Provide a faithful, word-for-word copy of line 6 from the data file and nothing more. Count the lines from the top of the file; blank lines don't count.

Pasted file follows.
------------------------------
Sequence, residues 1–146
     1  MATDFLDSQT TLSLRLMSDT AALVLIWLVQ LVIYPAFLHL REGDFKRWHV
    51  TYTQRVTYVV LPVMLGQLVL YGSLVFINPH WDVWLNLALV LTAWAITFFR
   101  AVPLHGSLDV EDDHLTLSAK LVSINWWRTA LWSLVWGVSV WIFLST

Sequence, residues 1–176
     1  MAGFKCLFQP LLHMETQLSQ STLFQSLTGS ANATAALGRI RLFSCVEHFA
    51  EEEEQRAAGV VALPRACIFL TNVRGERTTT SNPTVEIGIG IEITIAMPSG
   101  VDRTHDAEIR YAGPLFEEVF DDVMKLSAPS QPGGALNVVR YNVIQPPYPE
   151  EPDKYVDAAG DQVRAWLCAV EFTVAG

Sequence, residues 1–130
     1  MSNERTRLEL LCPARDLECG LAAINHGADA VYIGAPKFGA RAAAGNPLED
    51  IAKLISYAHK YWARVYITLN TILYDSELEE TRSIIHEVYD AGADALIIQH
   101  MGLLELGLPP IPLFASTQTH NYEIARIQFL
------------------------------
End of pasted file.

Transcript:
     1  MAGFKCLFQP LLHMETQLSQ STLFQSLTGS ANATAALGRI RLFSCVEHFA